Politics & Policy

Barack Obama’s Clunkernomics

The Obama administration mugs Peter to pay Paul.

EDITOR’S NOTE: This column is available exclusively through King Features Syndicate. For permission to reprint or excerpt this copyrighted material, please contact: kfsreprint@hearstsc.com, or phone 800-708-7311, ext 246.

Washington has finally found a runaway hit of a stimulus program: Paying people to buy cars.

The “Cash for Clunkers” program offering people a rebate worth as much as $4,500 to trade in an old car for a new one exhausted its first $1 billion — meant to last four months — in a mere week. Congress is scrambling to pony up another $2 billion. It’s hard to say where the Clunkers program falls on the spectrum of Washington economic policies that, these days, run in a narrow span from the thoroughly asinine to the merely ill-considered.

Start with the focus on cars. What strange, narrow-minded obsession with the internal-combustion engine made Congress only pay people to buy new automobiles? Why aren’t they paid to buy appliances, TVs, and sofas? To go out to eat, and to buy business suits, blue jeans, and lingerie? Are all of these consumer activities inherently less worthy than trading in a 1999 Dodge Caravan for a Chevy Cobalt?

Of course, car companies are politically connected, to say the least. The federal government owns one car company, and the United Auto Workers owns the federal government. So it’s no coincidence that the industry’s products benefit from Washington’s retail bribery in a way those of J. C. Penney don’t.

The fundamental mistake is to think that the government can magically induce economic activity with no countervailing downside. The Clunkers program is really just shifting around sales, creating the illusion of a demand for cars conjured out of nowhere. To the extent the program has enticed people to speed up or delay their purchases to take advantage of the rebate, it has borrowed demand from earlier this year or the future for a burst of sales in the summer of 2009.

The car-buying guide Edmunds.com reports that as many as 100,000 buyers delayed their purchases, waiting for the Clunkers program. And some of the roughly 60,000 trade-ins that take place in any month anyway were rushed to gobble up the rebate. “We have crammed three or four months of normal activity into just a few days,” Edmunds.com CEO Jeremy Anwyl writes in the Wall Street Journal.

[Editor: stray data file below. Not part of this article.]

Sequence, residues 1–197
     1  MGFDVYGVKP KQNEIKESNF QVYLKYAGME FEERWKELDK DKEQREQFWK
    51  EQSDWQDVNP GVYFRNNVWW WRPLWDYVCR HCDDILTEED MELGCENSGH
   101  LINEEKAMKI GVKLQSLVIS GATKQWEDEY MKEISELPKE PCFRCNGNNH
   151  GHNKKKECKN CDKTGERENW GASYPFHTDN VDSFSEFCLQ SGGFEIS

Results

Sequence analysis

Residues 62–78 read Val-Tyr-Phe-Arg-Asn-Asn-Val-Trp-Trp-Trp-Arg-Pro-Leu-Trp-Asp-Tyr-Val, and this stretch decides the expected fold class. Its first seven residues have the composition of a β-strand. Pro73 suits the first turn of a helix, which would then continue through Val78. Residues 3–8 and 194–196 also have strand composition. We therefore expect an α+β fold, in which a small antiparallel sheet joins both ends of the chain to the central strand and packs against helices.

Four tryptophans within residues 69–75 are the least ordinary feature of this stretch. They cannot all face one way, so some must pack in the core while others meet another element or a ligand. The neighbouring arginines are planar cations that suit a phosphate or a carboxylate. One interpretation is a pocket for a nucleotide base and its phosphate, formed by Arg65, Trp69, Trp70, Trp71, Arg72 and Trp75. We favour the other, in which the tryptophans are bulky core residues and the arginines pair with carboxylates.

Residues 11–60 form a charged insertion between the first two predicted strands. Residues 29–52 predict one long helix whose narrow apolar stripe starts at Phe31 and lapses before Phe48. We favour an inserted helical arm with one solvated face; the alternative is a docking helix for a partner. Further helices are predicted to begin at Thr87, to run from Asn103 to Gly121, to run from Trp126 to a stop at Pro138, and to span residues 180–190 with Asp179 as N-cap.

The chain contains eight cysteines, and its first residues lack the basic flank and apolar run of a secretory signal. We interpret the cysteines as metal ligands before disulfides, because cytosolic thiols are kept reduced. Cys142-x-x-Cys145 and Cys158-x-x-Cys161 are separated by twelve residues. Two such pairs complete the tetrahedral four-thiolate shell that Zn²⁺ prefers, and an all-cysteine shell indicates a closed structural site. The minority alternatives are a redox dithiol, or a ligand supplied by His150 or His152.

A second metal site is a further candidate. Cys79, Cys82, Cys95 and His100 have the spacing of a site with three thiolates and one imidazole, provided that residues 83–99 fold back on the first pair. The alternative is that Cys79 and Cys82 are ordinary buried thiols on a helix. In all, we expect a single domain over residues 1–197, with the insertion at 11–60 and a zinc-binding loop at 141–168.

The Clunkers program is supposed to help save the planet by shelving gas guzzlers. To qualify for trade-in, an old vehicle has to get less than 18 miles per gallon. But the environmental upside shouldn’t be exaggerated. If the trade-in wasn’t driven much, a new car isn’t necessarily a boon to the environment. Remember, the very act of manufacturing a new car is itself an energy-intensive process.

The Clunkers program demands that the old cars be disabled. In a ritual repeated in dealership lots across America, sodium silicate is being poured into car engines to kill them. Many of these cars have value and could be sold on the used market. They are being destroyed senselessly in a diktat reminiscent of Franklin Roosevelt’s slaughter of livestock during the New Deal. Decades later, we still haven’t learned that the wanton destruction of goods is scandalously wasteful economic policy.

The Clunker program is the ultimate expression of Obamanomics in all its spendthrift shortsightedness. Car sales have plummeted from 17 million during their peak in 2005 to roughly 10 million a year now. At that pace, the fleet would take more than 20 years to turn over — an outlandishly slow rate. Sales would eventually bounce back. What’s true of the car market is true for the economy at large, which couldn’t continue to plunge at the rate it did in the heart of the recession.

Once the financial system stabilized, what was needed were patience and a favorable environment for business and investment. Instead, the Obama administration has repeatedly mugged Peter to pay Paul. Who, pray tell, will pay for the soon-to-be $3 billion thrown into the Clunkers program? Ask that question hundreds of times over and it’s clear why broad-based, growth-suppressing taxes are our inevitable future. Call it Clunkernomics.

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